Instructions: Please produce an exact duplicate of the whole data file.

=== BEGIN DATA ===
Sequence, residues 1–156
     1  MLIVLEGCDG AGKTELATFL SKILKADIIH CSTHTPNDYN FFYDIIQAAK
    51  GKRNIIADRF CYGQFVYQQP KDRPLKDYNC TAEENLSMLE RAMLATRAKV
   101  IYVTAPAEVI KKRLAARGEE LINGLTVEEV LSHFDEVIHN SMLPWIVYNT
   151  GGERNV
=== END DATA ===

Sequence, residues 1–156
     1  MLIVLEGCDG AGKTELATFL SKILKADIIH CSTHTPNDYN FFYDIIQAAK
    51  GKRNIIADRF CYGQFVYQQP KDRPLKDYNC TAEENLSMLE RAMLATRAKV
   101  IYVTAPAEVI KKRLAARGEE LINGLTVEEV LSHFDEVIHN SMLPWIVYNT
   151  GGERNV